Gone are the days of posting recruitment ads in the Classifieds section in print media. Nowadays, digital platforms have overtaken traditional media when it comes to hiring. Online platforms have greater outreach and engagement. They target the right audience to fill job vacancies faster. Even better, job posters can get more data about how many people viewed and responded to your job advert.
Today we will look into how to get the maximum return on investment (ROI) with your recruitment efforts. That way, your company is in a better position to judge how much value a Talent Acquisition (TA) team brings to the table.
To track these efforts, some key performance metrics are essential. A survey at HR.com shows that 28% of talent acquisition teams don’t rely on metrics, 30% relied on cost-per-hire metrics, and 34% opted for applicant-per-opening as the key metric.
The data above suggests that managers and human resource departments can benefit from key metrics to measure success. But the approaches outlined above also have their drawbacks. They include:
• Applicant-Per-Opening – This approach is suitable for measuring candidate volume but not quality.
• Cost-Per-Hire – This approach assumes that all employees in a company have the same average salary, irrespective of their skills and role.
Note: Don’t forget that these key metrics do not identify the value each resource adds to the business.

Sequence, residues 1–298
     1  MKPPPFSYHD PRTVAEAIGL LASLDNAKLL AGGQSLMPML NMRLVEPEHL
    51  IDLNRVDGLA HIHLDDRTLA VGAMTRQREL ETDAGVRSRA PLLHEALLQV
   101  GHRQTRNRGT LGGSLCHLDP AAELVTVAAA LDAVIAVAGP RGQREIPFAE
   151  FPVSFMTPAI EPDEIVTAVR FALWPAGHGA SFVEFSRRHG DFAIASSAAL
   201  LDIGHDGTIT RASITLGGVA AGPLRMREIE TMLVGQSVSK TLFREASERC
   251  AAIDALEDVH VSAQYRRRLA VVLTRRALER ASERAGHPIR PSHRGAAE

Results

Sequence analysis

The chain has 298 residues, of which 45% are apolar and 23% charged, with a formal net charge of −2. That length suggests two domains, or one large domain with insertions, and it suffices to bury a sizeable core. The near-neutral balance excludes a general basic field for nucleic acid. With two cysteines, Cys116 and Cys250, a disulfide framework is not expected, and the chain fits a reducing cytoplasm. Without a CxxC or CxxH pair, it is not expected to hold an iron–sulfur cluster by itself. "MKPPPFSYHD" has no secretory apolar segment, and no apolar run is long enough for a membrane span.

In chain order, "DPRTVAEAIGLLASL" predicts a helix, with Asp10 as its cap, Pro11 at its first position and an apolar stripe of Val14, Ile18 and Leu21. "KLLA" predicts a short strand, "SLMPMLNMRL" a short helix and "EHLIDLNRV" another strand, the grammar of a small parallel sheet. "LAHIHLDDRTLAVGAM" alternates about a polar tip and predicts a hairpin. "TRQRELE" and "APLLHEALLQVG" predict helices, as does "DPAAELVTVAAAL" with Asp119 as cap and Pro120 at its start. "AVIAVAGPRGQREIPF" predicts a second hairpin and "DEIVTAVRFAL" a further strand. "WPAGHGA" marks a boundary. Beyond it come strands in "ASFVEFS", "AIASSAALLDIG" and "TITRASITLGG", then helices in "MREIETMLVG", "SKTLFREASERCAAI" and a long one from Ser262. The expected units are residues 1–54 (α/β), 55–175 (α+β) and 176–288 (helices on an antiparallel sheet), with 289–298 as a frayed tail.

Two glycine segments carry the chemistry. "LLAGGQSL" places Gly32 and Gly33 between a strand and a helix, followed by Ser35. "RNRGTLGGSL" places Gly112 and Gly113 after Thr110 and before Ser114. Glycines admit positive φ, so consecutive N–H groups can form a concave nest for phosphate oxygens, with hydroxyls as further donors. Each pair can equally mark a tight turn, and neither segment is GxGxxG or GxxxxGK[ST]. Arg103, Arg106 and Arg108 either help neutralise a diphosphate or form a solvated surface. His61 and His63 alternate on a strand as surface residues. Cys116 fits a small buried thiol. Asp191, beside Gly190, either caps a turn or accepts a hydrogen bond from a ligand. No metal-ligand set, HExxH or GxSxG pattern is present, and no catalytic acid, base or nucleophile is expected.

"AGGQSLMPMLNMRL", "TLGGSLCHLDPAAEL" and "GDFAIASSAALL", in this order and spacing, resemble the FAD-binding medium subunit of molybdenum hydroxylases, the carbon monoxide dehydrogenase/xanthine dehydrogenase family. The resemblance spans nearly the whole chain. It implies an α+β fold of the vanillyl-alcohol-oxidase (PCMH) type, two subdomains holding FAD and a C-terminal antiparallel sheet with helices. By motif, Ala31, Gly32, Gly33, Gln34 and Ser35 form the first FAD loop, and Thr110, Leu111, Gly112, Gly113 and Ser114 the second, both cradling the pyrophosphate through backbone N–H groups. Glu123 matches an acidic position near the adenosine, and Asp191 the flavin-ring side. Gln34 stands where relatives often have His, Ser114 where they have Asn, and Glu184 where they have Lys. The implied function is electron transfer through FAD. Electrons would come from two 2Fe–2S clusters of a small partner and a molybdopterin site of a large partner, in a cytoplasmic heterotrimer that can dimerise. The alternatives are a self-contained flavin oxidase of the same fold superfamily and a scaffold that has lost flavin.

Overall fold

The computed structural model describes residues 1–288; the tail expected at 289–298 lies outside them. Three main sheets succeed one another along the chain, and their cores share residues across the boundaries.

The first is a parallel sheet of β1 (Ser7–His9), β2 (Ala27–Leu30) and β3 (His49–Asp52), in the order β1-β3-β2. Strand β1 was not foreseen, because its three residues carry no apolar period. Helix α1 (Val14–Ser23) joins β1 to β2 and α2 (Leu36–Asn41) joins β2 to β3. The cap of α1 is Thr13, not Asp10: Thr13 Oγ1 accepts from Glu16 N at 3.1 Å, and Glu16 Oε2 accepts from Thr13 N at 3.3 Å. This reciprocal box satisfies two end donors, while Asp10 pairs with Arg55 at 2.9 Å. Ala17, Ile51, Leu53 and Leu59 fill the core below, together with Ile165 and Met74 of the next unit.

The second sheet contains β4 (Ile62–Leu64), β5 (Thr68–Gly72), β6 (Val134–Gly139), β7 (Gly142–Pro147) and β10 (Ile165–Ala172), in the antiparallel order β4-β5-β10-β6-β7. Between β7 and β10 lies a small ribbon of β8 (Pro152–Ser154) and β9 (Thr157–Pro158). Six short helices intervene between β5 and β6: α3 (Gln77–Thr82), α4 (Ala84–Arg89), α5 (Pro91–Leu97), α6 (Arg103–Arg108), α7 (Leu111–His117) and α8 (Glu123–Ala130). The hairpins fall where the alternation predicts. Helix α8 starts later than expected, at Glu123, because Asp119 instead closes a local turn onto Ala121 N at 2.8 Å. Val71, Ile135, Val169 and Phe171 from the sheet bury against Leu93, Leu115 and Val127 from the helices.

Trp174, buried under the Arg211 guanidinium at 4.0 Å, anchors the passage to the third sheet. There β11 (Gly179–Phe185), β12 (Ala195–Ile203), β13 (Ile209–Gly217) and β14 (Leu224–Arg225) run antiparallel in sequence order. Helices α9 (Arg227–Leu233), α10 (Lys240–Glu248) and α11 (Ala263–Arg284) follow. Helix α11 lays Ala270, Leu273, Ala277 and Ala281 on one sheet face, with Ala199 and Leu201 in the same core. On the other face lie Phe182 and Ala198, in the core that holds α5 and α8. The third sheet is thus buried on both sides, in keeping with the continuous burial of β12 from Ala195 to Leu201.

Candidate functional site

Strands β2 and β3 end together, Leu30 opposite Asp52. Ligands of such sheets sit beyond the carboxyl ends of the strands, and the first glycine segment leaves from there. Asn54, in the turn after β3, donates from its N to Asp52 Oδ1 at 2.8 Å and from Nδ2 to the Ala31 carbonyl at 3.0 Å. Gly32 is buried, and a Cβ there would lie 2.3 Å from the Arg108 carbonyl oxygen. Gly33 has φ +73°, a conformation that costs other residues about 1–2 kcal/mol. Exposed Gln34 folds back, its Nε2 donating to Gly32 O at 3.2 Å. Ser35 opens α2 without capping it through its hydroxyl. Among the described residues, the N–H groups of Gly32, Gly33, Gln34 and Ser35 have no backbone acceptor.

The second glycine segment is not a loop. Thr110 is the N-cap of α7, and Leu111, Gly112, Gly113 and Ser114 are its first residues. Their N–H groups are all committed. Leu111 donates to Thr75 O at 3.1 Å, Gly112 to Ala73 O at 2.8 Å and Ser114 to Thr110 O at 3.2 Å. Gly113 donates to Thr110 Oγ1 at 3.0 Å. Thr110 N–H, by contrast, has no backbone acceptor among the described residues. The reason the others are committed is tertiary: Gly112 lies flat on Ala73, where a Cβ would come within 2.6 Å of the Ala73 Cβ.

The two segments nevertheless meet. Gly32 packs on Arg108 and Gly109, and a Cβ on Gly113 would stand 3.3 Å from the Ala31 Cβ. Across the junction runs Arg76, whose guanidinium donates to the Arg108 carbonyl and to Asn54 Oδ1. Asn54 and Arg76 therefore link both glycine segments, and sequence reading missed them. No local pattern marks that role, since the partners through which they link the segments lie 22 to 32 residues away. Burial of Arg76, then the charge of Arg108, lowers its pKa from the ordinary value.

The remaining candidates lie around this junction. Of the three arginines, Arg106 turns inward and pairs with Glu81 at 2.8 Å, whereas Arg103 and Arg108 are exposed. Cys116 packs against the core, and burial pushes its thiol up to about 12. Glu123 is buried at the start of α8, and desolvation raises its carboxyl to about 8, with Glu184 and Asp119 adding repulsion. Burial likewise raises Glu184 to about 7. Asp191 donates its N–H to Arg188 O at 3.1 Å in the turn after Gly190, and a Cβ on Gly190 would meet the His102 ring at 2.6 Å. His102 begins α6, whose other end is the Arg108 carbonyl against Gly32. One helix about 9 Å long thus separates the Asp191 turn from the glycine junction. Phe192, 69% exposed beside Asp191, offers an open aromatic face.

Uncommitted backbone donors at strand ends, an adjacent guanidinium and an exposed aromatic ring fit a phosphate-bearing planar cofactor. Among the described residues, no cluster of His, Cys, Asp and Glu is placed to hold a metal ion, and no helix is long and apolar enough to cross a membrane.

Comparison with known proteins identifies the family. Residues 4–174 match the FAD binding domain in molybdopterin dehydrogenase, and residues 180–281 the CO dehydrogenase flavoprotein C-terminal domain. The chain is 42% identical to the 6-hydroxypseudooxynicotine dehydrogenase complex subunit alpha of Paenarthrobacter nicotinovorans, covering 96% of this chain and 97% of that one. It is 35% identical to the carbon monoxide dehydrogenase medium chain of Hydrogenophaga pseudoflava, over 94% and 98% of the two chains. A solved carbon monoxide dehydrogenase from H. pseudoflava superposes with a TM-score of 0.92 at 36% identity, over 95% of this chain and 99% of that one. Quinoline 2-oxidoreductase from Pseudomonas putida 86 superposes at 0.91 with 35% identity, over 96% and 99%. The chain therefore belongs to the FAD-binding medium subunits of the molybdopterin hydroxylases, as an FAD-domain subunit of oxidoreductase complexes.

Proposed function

Is there a better approach to calculate the ROI brought in by TA teams? Let’s dig in!
To show the business value of your TA team, let’s take a simple equation:
ROI = Return/Investment
Investment here means how much money was spent on recruiting the new hire. This figure may include costs spent on advertisements, arranging career fairs, how much time the recruiter spent at those fairs, and more.
Suppose you advertise a job for a salesperson, who is expected to bring $500 (opportunity cost) in sales per month. Let’s say you spent $100 on arranging that job fair and $50 for the hours the recruiter spent there to find the resource (investment). Your company expects this employee to bring in $30,000 per year (revenue target).
We’re going to use a new approach to find out:
• Investment – the cost of job fair + recruiter pay
• Opportunity cost – the revenue that an employee is expected to bring in
• Revenue target – the specific amount of revenue an employee is supposed to generate for a pre-determined time, i.e. a year.
This is just one way to calculate the ROI. There are other ways as well, and you should always consult with your CFO or finance department to work out the best approach that suits your company.
Not all recruitment advertisements and jobs are equal. The TA team must also consider the nature of the role you are hiring for. Some positions are time-sensitive. For example, a dental clinic might need to immediately find a new dentist because the number of patients has increased. These sorts of job roles can be classified as crucial. You need to fill them up fast or risk incurring huge opportunity costs.
For some jobs, your team can afford to take their time to find the best resource, such as job listings for chief executives. These kinds of roles can be defined as imperative roles.
You can divide the roles into different categories, such as crucial and imperative roles. You can then apply a multiplier to each category.
There’s no one-size-fits-all approach when it comes to determining the most optimum ROI for your talent acquisition team. However, with a few key metrics, your team can settle on the best approach that suits your industry and business.